Guides for Practitioners and Communities
Community-Investor Negotiation Guide 1: Preparing in Advance for Potential Investors
Community-Investor Negotiation Guide 2: Negotiating Contracts with Investors
|This guide contains advice for communities who have agreed to negotiate with a potential investor. It describes the various sections and clauses that should be in a contract, advises what protective language to include, and warns of “red flag” language to avoid. It is designed to help communities and their frontline advocates to negotiate clear, fair, and enforceable contracts that require investors to respect community interests, conserve the local environment, and support the community’s development—all on the community’s own terms.|
Power to the People: A Case Study on Participatory Local Land and Natural Governance in Nepal
|Download||From 2014 until 2016, the Community Self Reliance Centre piloted an adaptation of Namati’s legal empowerment approach to community land protection in 54 wards in Nepal. This report is an assessment of the project’s community impacts. We found that, when paired with legal education, local bylaws drafting processes can lead to genuine norm changes, authentic protections for the rights of vulnerable groups, and the alignment of national laws and local customary rules.|
Community Land Protection Facilitators Guide – Complete PDF
|Download||Namati’s step-by-step, practical “how to” manual for grassroots advocates working to help communities protect their customary claims and rights to land and natural resources. This Guide details Namati’s comprehensive, five-part approach to community land protection that supports communities to: build unity and internal capacity, proactively document and map their land claims, strengthen local governance, seek formal government recognition of their land rights, and plan for their own flourishing future. Download the Guide for free or contact Namati to order a print copy.|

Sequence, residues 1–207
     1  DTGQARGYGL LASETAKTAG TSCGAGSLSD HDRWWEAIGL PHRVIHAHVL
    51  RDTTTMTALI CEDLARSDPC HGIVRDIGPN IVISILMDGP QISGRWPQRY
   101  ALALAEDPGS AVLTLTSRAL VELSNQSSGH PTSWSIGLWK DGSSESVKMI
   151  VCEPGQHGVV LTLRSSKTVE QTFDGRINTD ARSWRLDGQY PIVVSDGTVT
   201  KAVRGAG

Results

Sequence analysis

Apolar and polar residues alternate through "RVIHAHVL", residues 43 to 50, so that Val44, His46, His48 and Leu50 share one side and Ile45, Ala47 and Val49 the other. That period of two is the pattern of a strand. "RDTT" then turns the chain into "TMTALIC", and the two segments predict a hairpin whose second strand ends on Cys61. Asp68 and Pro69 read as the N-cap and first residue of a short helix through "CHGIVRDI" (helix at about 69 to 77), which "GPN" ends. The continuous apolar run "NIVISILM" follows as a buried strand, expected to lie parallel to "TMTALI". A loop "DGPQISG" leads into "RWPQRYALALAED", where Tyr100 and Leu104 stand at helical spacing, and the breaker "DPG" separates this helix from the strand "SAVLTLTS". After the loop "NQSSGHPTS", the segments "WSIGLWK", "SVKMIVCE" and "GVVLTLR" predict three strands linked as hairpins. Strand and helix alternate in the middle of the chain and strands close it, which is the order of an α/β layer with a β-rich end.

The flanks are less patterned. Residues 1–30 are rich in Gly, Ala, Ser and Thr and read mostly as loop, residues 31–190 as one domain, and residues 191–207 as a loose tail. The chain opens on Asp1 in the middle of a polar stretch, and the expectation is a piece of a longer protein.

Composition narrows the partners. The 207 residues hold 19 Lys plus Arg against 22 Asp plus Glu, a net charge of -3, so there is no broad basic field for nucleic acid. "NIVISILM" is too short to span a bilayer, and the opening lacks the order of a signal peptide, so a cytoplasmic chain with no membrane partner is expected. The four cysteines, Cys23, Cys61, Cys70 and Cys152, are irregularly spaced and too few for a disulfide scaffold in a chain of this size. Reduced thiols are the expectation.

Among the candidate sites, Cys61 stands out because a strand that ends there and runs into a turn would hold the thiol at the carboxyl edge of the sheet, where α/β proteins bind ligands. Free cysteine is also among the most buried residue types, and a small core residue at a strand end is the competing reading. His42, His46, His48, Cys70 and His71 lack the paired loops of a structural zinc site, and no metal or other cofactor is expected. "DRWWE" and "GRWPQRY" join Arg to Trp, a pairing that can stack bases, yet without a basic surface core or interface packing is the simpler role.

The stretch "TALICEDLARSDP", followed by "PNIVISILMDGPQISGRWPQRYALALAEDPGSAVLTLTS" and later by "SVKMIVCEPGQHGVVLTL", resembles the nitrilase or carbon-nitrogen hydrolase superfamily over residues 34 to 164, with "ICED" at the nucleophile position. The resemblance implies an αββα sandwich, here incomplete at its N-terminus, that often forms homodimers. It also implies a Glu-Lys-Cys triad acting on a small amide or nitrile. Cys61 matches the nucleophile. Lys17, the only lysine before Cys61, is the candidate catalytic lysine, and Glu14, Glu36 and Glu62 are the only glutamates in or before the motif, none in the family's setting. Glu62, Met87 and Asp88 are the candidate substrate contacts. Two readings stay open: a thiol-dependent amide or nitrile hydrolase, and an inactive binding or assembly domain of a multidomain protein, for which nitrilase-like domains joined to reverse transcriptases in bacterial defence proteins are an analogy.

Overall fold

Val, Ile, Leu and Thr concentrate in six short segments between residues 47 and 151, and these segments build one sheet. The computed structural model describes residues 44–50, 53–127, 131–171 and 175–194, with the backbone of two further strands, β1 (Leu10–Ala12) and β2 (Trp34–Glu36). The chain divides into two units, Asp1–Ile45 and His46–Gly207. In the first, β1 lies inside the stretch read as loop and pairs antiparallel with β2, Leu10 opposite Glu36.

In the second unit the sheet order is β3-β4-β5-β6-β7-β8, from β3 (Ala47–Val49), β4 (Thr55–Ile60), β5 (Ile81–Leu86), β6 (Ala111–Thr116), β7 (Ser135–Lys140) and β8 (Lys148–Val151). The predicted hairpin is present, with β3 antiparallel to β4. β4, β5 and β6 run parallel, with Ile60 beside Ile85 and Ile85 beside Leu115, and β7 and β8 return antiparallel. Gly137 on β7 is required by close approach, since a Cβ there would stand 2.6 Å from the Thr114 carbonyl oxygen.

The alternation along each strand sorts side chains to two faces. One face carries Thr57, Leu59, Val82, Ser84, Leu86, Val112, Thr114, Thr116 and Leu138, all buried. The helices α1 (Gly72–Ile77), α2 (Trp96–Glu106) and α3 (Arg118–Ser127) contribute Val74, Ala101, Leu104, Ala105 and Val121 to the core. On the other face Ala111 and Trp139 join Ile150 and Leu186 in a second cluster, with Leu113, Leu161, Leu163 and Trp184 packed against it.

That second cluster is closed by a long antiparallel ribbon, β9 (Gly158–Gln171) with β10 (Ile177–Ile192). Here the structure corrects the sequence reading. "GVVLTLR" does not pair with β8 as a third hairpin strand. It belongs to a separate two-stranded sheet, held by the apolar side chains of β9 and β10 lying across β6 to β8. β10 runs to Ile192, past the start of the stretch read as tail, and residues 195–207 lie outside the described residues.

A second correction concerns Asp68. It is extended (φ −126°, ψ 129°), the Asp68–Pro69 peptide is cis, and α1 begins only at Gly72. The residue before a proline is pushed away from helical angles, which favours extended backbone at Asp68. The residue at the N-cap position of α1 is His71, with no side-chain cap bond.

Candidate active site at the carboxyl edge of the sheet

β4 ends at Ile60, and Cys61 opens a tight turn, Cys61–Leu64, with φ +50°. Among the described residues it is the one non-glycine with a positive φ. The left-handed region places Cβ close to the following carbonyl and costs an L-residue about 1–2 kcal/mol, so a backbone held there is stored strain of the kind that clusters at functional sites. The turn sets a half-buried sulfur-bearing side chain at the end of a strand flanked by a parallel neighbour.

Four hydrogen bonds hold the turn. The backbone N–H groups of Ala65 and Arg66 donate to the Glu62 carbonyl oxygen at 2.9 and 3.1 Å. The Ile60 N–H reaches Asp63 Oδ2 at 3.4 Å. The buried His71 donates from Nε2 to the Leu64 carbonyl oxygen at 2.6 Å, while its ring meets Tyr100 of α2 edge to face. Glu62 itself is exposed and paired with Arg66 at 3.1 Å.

Community Land Protection Facilitators Guide – Online Toolkit
|Toolkit||The toolkit is an online version of Namati’s step-by-step Community Land Protection Facilitator’s Guide. This online version splits the Guide into sections and individual chapters (for download). The toolkit includes links to related recommended resources.|
Protecting Community Lands & Resources in Africa: Grassroots Advocates’ Strategies & Lessons
|Download||This book is a collection of case studies and analysis written by practitioners, for practitioners in order to share experiences and practical strategies for effectively supporting communities to protect their lands and natural resources in Africa. Together, they share a variety of ingenious, creative, and practical strategies for proactively confronting the forces that undermine community land and natural resource tenure security. The contributing authors were participants in a 2013 symposium convened by Namati and Natural Justice.|
Uganda Community Guide: How to Protect Your Community’s Lands and Resources
|Download||This guide from the Land and Equity Movement in Uganda and Namati presents a step-by-step process for communities to secure stronger legal protections for common grazing lands and improve local land governance. The instructions are specifically tailored to the context of customary community grazing lands in northern Uganda, drawing upon LEMU’s experience leading community land protection efforts since 2009.|
Liberia Community Guide: Protecting Community Lands